Fenway Park Field

Feb. 15, 1979

Carl Yastrzemski visited Fenway Park for a sit-down with co-owners Haywood Sullivan and Buddy LeRoux. His aim was to see if a deal could be made on a salary increase for 1980 and 1981. He’d play 1979 for a reported salary between $300,000 and $350,000.

SInce JIm Rice had just signed a seven-year, $4.9 million deal, Yaz thought his request was reasonable.

Sullivan and LeRoux begged to differ. Essentially, Sullivan dismissed Yastrzemski’s demands as the same, old song and dance that happens every season as spring training approaches.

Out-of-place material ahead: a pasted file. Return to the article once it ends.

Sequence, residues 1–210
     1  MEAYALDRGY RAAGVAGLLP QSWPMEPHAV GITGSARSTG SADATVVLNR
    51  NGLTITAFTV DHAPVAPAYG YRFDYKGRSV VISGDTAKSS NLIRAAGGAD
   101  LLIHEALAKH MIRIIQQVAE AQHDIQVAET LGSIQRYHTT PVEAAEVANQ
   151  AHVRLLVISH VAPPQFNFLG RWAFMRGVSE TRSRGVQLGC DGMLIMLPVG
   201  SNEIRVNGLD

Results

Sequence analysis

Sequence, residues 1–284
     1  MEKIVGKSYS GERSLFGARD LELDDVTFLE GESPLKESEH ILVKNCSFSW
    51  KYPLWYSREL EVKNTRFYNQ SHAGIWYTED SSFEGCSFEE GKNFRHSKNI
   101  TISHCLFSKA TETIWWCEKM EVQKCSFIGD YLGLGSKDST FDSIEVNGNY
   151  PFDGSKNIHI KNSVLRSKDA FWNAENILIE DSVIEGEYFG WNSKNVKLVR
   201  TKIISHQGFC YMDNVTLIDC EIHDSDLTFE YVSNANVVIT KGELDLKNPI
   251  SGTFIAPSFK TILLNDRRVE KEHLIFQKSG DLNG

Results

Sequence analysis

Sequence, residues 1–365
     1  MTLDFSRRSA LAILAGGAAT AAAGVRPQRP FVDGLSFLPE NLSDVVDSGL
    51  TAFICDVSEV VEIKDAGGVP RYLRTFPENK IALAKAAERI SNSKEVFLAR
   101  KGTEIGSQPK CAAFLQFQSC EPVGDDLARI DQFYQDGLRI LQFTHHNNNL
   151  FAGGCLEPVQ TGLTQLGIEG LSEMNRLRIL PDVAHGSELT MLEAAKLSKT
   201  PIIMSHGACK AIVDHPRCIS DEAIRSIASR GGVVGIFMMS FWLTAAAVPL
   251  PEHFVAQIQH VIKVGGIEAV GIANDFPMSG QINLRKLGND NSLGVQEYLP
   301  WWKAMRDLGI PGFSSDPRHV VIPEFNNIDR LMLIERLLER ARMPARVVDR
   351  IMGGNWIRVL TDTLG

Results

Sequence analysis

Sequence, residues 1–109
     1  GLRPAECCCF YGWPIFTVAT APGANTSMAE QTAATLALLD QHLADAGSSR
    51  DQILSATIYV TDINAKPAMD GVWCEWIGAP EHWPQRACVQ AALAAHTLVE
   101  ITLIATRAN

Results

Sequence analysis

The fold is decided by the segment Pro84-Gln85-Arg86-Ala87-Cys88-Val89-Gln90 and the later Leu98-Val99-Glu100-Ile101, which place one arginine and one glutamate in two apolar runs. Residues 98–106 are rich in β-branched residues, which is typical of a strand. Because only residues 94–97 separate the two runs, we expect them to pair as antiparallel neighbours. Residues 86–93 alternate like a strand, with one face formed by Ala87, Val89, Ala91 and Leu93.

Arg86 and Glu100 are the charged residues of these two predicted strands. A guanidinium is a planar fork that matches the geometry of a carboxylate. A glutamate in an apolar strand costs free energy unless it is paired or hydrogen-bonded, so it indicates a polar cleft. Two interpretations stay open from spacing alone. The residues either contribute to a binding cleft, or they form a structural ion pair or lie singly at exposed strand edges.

With his 40th birthday coming up in August, Yastrzemski chided his bosses for inferring that his skills could erode sharply over the coming three seasons.

For all their bravado, Sullivan and LeRoux understood that if Yaz walked away, just shy of 3,000 career hits and 1,600 RBIs, it wouldn’t sit very well with fans still gnashing their teeth over the Great Collapse of 1978.

Eventually, they came to an agreement, and Yastrzemski played through the 1982 season.